With more than 25 years of family law experience, including her knowledge of crisis counseling, Jessica Woll is expertly qualified to guide her clients through the tumultuous experience of divorce and custody disputes. Her finesse at combining knowledge of the many facets of the law, with equal parts compassion, creativity and tenacity, has made her a formidable champion for her clients. Jessica is also a fierce advocate for the well-being of children and her mantra for divorcing parents to “remain child-centric at all times” has helped her clients to remember to keep the best interests of their children in the forefront.

In addition to her law degree from Wayne State University, Jessica holds a degree from the University of Michigan in International Relations and Economic Development, and has lived abroad in England, Japan and Thailand. Her love of travel and experiencing the many cultures of the world has given her a unique perspective both professionally and as an active member of the diverse community that makes up Metro Detroit. These skills have propelled Jessica to the forefront of her field.
April 3, 2020

Divorce Wisdom: Helping Your Children Find Balance and Purpose During Shelter-In-Place

A few weeks ago, I wrote a blog about the importance of co-parenting effectively in high conflict divorce cases, in light of the Covid-19 pandemic.  As always, remaining child-centric℠ regarding all decisions impacting your children, should be first and foremost on both parent’s minds. Remaining child-centric℠ does not only apply to high conflict parenting situations; it applies to all matters that affect our minor children.  The closing of schools was announced today, in Michigan.  In light of this development, remaining child-focused applies to all families as they work to navigate this strange time.  I, myself, have a very active 14-year-old […]
March 17, 2020

Divorce Wisdom: Co-Parenting During a Crisis: How Divorced Parents Should Work Together to Keep Their Children Safe, in Light of COVID-19

If ever a time exists when you need to present a unified front with your ex for the sake of the safety of your children, the time is now. However, divorced couples are often not on the same page when it comes to parenting their children. Now, more than ever, is the time to flip that script. So, how can you and your ex work together to keep your kids safe? Crisis Resolutions to Live By: Remain “child-centric” at all times. Child-centric means putting your child’s needs above your own, at all times. If possible, get a firm commitment from […]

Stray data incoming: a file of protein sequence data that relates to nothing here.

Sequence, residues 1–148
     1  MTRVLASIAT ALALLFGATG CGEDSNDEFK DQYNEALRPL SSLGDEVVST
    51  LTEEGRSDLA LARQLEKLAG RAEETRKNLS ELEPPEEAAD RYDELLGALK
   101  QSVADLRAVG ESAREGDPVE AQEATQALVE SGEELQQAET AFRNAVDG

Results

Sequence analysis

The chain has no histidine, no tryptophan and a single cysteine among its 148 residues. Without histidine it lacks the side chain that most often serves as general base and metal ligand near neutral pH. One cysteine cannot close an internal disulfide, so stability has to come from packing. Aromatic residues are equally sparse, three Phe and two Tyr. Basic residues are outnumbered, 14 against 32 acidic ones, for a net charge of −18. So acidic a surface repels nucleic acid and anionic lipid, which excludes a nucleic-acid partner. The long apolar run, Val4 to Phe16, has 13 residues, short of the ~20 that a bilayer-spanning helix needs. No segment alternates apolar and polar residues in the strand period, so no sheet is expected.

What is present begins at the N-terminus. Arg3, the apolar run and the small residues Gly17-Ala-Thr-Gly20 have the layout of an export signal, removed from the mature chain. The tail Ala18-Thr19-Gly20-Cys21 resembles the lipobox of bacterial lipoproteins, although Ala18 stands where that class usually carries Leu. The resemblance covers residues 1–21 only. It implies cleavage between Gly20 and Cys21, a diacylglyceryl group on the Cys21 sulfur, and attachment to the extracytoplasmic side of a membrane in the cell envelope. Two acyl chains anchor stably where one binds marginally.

January 14, 2019

Divorce Wisdom: Give 2019 Your Best Self

Happy 2019: I have written many times about resolutions for the New Year, that are designed to promote better co-parenting with your ex-spouse. It’s an important topic for you and your children, all the time, but for most of us, the start of a new year is the time when we give pause and reflect on how to be better versions of ourselves. Regardless of how you feel about your former husband or wife, the two of you can agree on the fact that you love the children, the two of you brought into the world together, more than anything. […]
April 17, 2018

Divorce Wisdom: The Choice

There are always times when you must make a choice in how you interact with your ex, when you share a child. In these times, you can choose restraint and take a higher road, when it comes to co-parenting, or you can let yourself be driven by your frustration with all of your ex’s traits that probably contributed to your split. The latter choice is never good for your children and it certainly isn’t good for you. Your ex is an ex most likely because he or she frustrated you and eventually made you angry to the point of no […]
March 14, 2017

Divorce Wisdom: Telling Your Tween or Teen About Your Divorce

I always tell my clients that a unified parental front is the best way to break the news of a divorce to a child of any age, if possible. If possible, telling your child about the impending divorce together is always best, so long as it can be done in a calm, civilized and cooperative manner. The word “we” should be used generously during the conversation, even if the decision to divorce was decided by only one of the parents. “We love you” and “this decision has nothing to do with you” are two phrases that cannot be stated enough […]